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Glycogen storage disorders: Pathology review



Biochemistry and nutrition


Biochemistry and metabolism
Metabolic disorders

Glycogen storage disorders: Pathology review


0 / 6 complete

USMLE® Step 1 style questions USMLE

6 questions

A 20-year-old man comes to the emergency department with painful muscle spasms. He notices that these episodes worsen after a run and seem to improve after brief periods of rest. His past medical history includes a right knee ACL tear. His temperature is 37.0°C (98.6°F), pulse is 80/min, respirations are 16/min, and blood pressure is 125/75 mmHg. Abdominal examination is unremarkable. Rapid fingerstick glucose is 80 mg/dL. Serum creatine kinase levels are elevated. Laboratory investigations are shown below:

 Sodium   140 mEq/L 
 Potassium  4 mEq/L 
 Creatinine   1.3 mg/dL 
 Creatine kinase  645 U/L 
 BUN/Cr  <15 
 Blood   Positive  
 Erythrocytes  0/hpf 
 Leukocytes  2/hpf 
 Fractional excretion of sodium (FENa  >2%  

Electrocardiogram and echocardiogram are unremarkable. Which of the following is the most likely diagnosis? 


Content Reviewers:

Antonella Melani, MD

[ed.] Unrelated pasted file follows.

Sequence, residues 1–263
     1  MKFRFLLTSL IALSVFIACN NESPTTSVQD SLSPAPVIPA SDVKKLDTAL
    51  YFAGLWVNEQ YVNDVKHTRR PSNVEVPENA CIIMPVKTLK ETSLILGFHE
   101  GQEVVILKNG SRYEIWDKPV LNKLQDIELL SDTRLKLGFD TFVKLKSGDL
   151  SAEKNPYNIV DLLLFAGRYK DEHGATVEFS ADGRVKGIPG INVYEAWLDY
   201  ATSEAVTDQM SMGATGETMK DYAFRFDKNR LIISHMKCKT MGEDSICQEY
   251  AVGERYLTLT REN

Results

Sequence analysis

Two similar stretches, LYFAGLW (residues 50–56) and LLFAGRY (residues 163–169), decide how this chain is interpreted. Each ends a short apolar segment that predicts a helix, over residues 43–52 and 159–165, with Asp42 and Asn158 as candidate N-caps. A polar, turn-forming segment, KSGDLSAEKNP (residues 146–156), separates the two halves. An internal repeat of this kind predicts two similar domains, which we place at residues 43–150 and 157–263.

5-year-old Manthos is brought to the emergency department by his mother due to recurring episodes of losing consciousness, accompanied by sweating and pallor. Manthos’ mother also mentions that symptoms tend to be worse when he wakes up, and decreases after meals. Physical examination reveals fat, rounded cheeks, relatively thin extremities, and a protuberant abdomen. Upon palpation of the abdomen, the liver is found to be enlarged. Laboratory studies are obtained, showing a glucose level of 40 milligrams per deciliter or 2.2 millimoles per liter, a triglyceride level of 200 mg/dl or 5.1 mmol/L, and a lactic acid level of 3.1 milligrams per deciliter or 0.34 millimoles per liter. Some days later, 3-month-old Becca is brought to the office by her parents, who complain that she’s been having problems feeding. Based on her history, Becca has also failed to reach the appropriate motor and cognitive developmental milestones. Physical examination reveals reduced muscle tone, and echocardiography shows an enlarged heart. Based on the initial presentation, both Manthos and Becca seem to have some form of glycogen storage disease. Okay, but first a bit of physiology. Glycogen is made up of a main chain, where glucose molecules are linked by alpha 1,4 glycosidic bonds, and multiple branches, each of which is connected to the main chain by alpha 1,6 glycosidic bonds. When glucose enters the cells, it is turned into glucose-6-phosphate, which can either be used to make ATP through glycolysis or turn into glycogen. This process is called glycogenesis and occurs mainly in liver and muscle cells. To do that, an enzyme called phosphoglucomutase turns glucose-6-phosphate into glucose-1-phosphate, which is then converted into UDP-glucose by UDP-glucose pyrophosphorylase. UDP-glucose is then attached by glycogen synthase to a glucose residue at the end of the glycogen branch, forming an alpha 1,4 glycosidic bond. Finally, the glycogen-branching enzyme adds branches by creating an alpha 1,6 glycosidic bond. Okay, but then comes glycogenolysis, which is when glycogen is broken down into individual glucose molecules. In both the liver and muscle cells, glycogen phosphorylase starts by cleaving the alpha 1-4 bonds, releasing one glucose-1-phosphate at a time. Next, a debranching enzyme, also called alpha-1,6-glucosidase, cleaves off the alpha 1-6 bond and releases a free glucose-1-phosphate, which then gets converted to glucose-6-phosphate by phosphoglucomutase. Now, keep in mind that, in muscle cells, glycogen breakdown also takes place inside of a lysosome. That’s where a lysosomal enzyme called acid maltase has both α-1,4- glucosidase and α-1,6- glucosidase activity, chopping off glucose molecules from glycogen. Another difference between the liver and muscles is that liver cells have an enzyme called glucose-6-phosphatase that removes that phosphate, releasing free glucose into the bloodstream. Muscle cells, on the other hand, don't have this enzyme, so they simply use the glucose-6-phosphate to make ATP via the glycolysis pathway. Now, there are a total of 15 subtypes of glycogen storage disease, all of which result in the inability of the body to either break down or synthesize glycogen. For your exam, the most high yield ones are types I, II, III, and V. Remember that these are all autosomal recessive diseases, meaning that an individual needs to inherit two copies of the mutated gene, one from each parent, to develop the condition.